published in Chicken Soup for the Soul: Home Sweet Home in 2014
"Ray, come here." My wife, Quyen, called out to me from the house as I was pulling clover out of the ice plant in the front yard. Her use of my first name and not the customary "Honey" told me this was a serious matter.
I dropped the garden shovel into the round plastic container of uprooted clover, walked directly through the garage, into the laundry area, and continued to the family room.
"Daddy, there’s a lizard in the house!" Our seven-year-old, Kristie, conveyed this with the excitement of a child announcing her birthday to arriving guests.
"Yeah, Daddy, it’s huge." Our ten-year-old, Kevin, chimed in with exuberance.
In the kitchen, Quyen spread her hands apart to indicate the length of a large-mouthed bass. Then she pointed to the loveseat in the family room and said, "It’s behind there."
I went back into the garage to put on my work gloves and retrieved the stick I carried on neighborhood family walks to protect us from mountain lions and coyotes in the surrounding canyons. Then I armed my wife with a broom and Kevin with a plastic yellow wiffle bat.
"What about me? How come I don’t get a weapon, Daddy?" Kristie asked.
I hurried to the laundry room and brought Kristie a short-handled whisk broom. Approval registered on her face. Our family was now prepared to do battle with the marauding invader.
I opened the sliding door in the family room. Next, I pulled the loveseat away from the wall and stepped gingerly onto the cushions to peek over the back.
"Be careful, honey," Quyen said.
I gave her a thumbs-up to indicate her husband had matters well in hand. I peered over the loveseat and spotted the creature crouched against the wall. It was chubby, with scaly desert-dry skin, and large, black zigzags along its back.
I reached over the loveseat with my walking stick and nudged the lizard’s tail. Instead of escaping through the door opening, the pesky reptile scurried under the loveseat and through the other side to scamper along the rug in a twisting, jerky jaunt to hide beneath the stuffed Winnie the Pooh in the middle of the family room.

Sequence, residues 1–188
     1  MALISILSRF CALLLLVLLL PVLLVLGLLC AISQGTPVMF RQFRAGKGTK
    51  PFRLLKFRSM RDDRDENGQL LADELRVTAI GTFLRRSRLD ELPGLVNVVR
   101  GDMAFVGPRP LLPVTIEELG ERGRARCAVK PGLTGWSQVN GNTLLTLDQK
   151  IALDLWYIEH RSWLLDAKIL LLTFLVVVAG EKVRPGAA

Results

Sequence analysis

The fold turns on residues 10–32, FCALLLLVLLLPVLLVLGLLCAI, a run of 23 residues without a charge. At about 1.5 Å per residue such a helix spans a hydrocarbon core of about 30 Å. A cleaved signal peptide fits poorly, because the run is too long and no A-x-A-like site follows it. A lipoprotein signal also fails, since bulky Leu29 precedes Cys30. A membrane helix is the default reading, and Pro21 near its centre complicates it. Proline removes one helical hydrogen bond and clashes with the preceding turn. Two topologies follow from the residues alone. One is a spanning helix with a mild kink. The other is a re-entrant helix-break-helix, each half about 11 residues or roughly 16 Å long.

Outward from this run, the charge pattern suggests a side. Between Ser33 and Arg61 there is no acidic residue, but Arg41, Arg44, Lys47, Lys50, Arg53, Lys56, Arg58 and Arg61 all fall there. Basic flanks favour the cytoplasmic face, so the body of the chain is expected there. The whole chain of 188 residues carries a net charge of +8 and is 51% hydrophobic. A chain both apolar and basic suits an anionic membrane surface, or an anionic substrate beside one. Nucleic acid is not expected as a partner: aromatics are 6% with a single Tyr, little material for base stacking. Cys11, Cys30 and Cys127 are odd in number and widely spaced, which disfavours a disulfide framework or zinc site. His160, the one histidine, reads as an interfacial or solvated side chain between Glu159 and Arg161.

Kristie screamed with a tone of frightened glee and Quyen hurdled onto the sofa. Kevin stood with his feet rooted to the ground, mouth agape.
I descended from the loveseat wielding the stick and was about to lift Pooh to get at the enemy when Quyen said, "Wait!"
My hand froze in mid-extension.
She stepped over the arm of the sofa onto the floor and went into the garage. She brought back the now empty plastic container I had been using for clover and handed it to me.
I gave my stick to Quyen and positioned my family in a defensive perimeter around the denizen’s hideout. Slowly, carefully, I raised Pooh and the lizard monster stayed still. Fast as a sprung trap, I dropped the container around the reptile.
"Yeah, you got him, Daddy!" Kristie said.
Quyen let out a long, relieved sigh.
Kevin said, "Now what, Daddy?"
I looked at him, then at my wife and Kristie and tried to hide my unadulterated uncertainty. Finally, I tossed Pooh onto the couch and knelt on the carpet with both hands around the container. I pushed the container toward the sliding door and heard the riled inmate thrashing in a moving prison.
At the door track, I gestured for my family to be ready with their weapons in case the unwelcomed guest tried to dash back into the house. Then I lifted the container’s edge and the lizard wasted no time hightailing it over the track onto the patio and through the backyard.
I slid the glass door closed and was mobbed by my family for the courageous and heroic efforts to save them from the dire threat of the wayward lizard.
Picture of wiffle bat and ball by Rmrfstar
Picture of Winnie the Pooh by Jameziecakes